I am not generally a fan of cookbooks that promise incredible shortcuts. Preparing food sometimes takes a little time and a little skill, and books that promise wonderful results without effort or expense seldom deliver food worth eating.
But this book has an idea, and it works out the ramifications and consequences of that idea with determination and good sense. The central proposal, simply, is to make one large batch of dough – enough to last two weeks – and store it in the refrigerator, removing just enough to bake a small loaf when you want some fresh bread. From that, everything else follows.
Let’s begin from first principles. Freshly baked bread is much better than bread with preservatives that let it sit on the shelf of your supermarket. Preserved bread, in turn, is better than stale bread. And stale bread is better than no bread at all, or bread that just costs too much.
Our ancestors bought bread from the baker. They didn’t make bread themselves, unless they lived in the middle of nowhere, far from the baker. The reasons were economic: in towns and cities, fuel was expensive and, once the oven was hot, it would bake one loaf or dozens equally well. So, instead of everyone having their own oven, you’d pool together and have one big oven and everyone would share it, or you’d have a designated baker who made bread to everyone.
This is not our problem: lots of Americans have ovens and they don’t think twice about turning it on. Our problem is, nobody has time to mix dough, knead it, let it rise, shape it, let it rise, and bake it. Not every day.
Hertzberg and François address this problem neatly by thinking it through. You make one big batch of dough – enough to last you for two weeks. You keep it in the refrigerator. Two weeks of dough will fit into your refrigerator, and your yeast won’t run out of tasty flour (or catch an infection) in two weeks of refrigerated storage. Every day or two, you grab a handful of dough, shape it, and throw it into a hot oven to bake. The trick is to keep the bread dough on hand, in the refrigerator, all the time.
This wouldn’t work for a commercial baker. First, there’s no point: you’ve got to show up to sell the bread every day, and you’ve got to bake it every day. Mixing is easy enough, and it doesn’t take much labor to watch bread rise. Even if you wanted to use this method commercially, the refrigeration costs would be absurd. Worse, commercial cooking is all about consistency, and holding dough for two weeks is going to lead to gradual changes in the sourness and flavor of each loaf. The method tends to make lots of little loaves, each slightly different, and while that’s a fine thing at home it can be difficult in the store, where Ms. Smith is always going to suspect you’re giving Ms. Wesson the good loaf. Tears will ensue.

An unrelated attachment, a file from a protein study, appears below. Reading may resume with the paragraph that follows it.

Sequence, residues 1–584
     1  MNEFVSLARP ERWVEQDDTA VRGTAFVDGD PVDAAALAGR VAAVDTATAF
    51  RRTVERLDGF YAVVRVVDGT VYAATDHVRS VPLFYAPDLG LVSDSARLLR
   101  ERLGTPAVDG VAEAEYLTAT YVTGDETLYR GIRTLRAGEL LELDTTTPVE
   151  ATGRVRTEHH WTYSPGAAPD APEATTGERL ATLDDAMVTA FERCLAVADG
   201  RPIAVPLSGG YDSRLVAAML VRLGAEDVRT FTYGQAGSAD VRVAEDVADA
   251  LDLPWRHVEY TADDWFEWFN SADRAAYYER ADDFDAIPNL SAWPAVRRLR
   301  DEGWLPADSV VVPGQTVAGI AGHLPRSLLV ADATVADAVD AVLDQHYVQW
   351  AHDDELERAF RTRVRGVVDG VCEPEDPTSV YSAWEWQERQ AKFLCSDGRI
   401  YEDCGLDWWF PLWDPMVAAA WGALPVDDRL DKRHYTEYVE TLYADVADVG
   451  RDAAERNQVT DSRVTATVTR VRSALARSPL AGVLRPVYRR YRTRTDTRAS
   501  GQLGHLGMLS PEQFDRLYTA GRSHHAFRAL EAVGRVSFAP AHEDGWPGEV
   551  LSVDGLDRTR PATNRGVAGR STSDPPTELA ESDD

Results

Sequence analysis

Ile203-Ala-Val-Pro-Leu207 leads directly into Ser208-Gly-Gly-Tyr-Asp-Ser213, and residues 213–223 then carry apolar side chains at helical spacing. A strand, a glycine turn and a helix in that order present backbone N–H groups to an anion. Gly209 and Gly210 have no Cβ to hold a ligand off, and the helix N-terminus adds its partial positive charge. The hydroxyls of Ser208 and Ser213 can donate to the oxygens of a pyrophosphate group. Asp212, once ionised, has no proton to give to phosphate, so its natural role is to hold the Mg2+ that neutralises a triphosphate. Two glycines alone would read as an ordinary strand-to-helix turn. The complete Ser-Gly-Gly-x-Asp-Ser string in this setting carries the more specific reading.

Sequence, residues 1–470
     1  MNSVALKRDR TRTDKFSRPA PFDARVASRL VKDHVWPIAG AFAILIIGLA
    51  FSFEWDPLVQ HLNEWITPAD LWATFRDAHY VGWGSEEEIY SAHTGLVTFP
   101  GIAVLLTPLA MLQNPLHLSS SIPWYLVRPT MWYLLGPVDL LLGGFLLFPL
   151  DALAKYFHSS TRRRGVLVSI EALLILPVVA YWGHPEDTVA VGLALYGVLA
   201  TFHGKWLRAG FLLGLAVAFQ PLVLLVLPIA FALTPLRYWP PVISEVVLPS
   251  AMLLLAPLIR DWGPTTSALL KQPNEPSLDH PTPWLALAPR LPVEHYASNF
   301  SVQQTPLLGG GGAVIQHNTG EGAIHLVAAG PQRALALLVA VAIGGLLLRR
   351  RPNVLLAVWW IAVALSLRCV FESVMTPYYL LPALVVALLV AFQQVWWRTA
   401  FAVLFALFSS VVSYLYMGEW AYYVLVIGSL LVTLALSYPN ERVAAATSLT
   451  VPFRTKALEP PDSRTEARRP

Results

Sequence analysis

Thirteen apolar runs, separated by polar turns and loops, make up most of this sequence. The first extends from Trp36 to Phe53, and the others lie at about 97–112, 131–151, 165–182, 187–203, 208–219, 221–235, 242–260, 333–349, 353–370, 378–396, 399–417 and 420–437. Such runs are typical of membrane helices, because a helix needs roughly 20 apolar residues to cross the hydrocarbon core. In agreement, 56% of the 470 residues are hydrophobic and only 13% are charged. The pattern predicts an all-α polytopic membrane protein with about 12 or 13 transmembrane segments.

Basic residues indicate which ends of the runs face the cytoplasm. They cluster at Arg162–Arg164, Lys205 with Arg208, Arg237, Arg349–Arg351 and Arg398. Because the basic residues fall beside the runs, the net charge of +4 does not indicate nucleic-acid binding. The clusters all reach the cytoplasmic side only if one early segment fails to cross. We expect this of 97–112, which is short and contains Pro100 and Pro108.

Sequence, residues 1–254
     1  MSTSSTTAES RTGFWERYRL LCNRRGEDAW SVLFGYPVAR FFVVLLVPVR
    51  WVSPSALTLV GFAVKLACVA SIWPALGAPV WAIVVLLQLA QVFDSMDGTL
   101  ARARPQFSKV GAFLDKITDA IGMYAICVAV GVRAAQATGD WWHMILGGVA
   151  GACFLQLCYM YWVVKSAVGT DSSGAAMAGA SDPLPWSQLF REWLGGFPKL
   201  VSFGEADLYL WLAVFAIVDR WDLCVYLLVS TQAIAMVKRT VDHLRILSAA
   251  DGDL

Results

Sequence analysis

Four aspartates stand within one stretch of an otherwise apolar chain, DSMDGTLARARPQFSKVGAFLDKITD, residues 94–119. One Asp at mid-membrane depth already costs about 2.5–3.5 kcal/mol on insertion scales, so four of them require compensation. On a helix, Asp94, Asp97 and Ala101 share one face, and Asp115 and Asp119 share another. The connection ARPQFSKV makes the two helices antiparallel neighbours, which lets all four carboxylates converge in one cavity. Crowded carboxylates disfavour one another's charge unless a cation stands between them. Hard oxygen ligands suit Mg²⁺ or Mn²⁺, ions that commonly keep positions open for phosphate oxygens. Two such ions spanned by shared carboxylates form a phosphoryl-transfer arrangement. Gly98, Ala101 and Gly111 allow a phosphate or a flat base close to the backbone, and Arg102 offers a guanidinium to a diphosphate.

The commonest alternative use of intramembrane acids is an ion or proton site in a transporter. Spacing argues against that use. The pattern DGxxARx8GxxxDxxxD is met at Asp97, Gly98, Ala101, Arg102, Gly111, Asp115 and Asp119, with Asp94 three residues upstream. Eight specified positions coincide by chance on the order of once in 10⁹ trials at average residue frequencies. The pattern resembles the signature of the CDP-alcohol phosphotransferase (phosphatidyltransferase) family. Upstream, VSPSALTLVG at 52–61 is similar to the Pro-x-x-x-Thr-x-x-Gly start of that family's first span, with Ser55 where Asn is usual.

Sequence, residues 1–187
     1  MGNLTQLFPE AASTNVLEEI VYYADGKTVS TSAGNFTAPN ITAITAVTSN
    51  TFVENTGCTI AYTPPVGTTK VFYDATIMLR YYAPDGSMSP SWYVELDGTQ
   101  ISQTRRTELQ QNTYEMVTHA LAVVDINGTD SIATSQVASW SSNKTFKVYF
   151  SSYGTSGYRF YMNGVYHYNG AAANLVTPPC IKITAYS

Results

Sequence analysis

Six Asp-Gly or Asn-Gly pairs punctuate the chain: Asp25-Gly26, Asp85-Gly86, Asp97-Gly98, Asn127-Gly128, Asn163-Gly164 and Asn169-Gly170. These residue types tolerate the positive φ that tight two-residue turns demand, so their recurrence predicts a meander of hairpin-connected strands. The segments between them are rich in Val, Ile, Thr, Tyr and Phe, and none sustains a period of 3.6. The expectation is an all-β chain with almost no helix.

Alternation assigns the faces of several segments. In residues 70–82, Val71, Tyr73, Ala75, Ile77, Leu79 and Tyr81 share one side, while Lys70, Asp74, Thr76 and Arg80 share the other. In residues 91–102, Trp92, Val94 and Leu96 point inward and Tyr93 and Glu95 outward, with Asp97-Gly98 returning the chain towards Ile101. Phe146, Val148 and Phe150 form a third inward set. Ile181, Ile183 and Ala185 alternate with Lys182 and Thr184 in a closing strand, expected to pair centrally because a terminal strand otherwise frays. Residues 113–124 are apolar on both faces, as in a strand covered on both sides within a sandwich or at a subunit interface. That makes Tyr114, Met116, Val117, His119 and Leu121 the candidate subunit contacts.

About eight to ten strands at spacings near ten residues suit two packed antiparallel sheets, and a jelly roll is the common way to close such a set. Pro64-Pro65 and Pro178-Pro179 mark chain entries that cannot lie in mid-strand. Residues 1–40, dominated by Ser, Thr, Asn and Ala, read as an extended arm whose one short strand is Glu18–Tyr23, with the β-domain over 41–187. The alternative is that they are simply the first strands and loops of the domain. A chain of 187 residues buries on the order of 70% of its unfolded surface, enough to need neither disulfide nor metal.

The underlying idea – keeping the dough around for a very long time – has a bunch of consequences, which Hertzberg and François work out neatly. To keep it going that long, you need lots of water, and so this dough is very wet – they’re working with hydration that starts at 75% and heads north to the 80’s. All that water, and days (or weeks) of development, means there’s no need to knead if you don’t want to: mix thoroughly and time (and yeast) will take care of the rest. The very slack dough means shaping techniques need to be rethought pretty thoroughly. And small, daily loaves mean shorter baking times (and fresher bread), which will confuse Americans accustomed to weekly groceries.
But the real news here is an approach to bread that is simple and, within limits, consistent. I’ve found that the difficulty of baking bread is wildly exaggerated in any case – at least if you approach your bread with a bit of flexibility and don’t insist that every loaf be identical in every respect. But this approach is incredibly simple: grab a handful of dough, shape it into a ball, let it rest for 20 minute, and bake for 30. You’re done.
My first loaves have turned out pretty well, with excellent crust and promising crumb. Intriguing variations here range from the expected (whole wheat, rye, herb bread) to eyebrow-raising bagels and bialys and pecan rolls.
The book itself is sometimes repetitious, as most recipes repeat the same essential steps with minor variations in dough or shaping technique. It’s written to encourage people who don’t bake, and while this might be a good commercial tactic it doesn’t lead anywhere or give them a hint that there’s more to know. All the measures are by volume, for example, because lots of American cooks are accustomed to that, but it’s the wrong way to do it and the book makes no effort to explain this or to accommodate people who own scales. The authors know this is wrong, and their recipes are all working back from a notional 5oz “cup” of flour, but to find out I had to ask them through Twitter.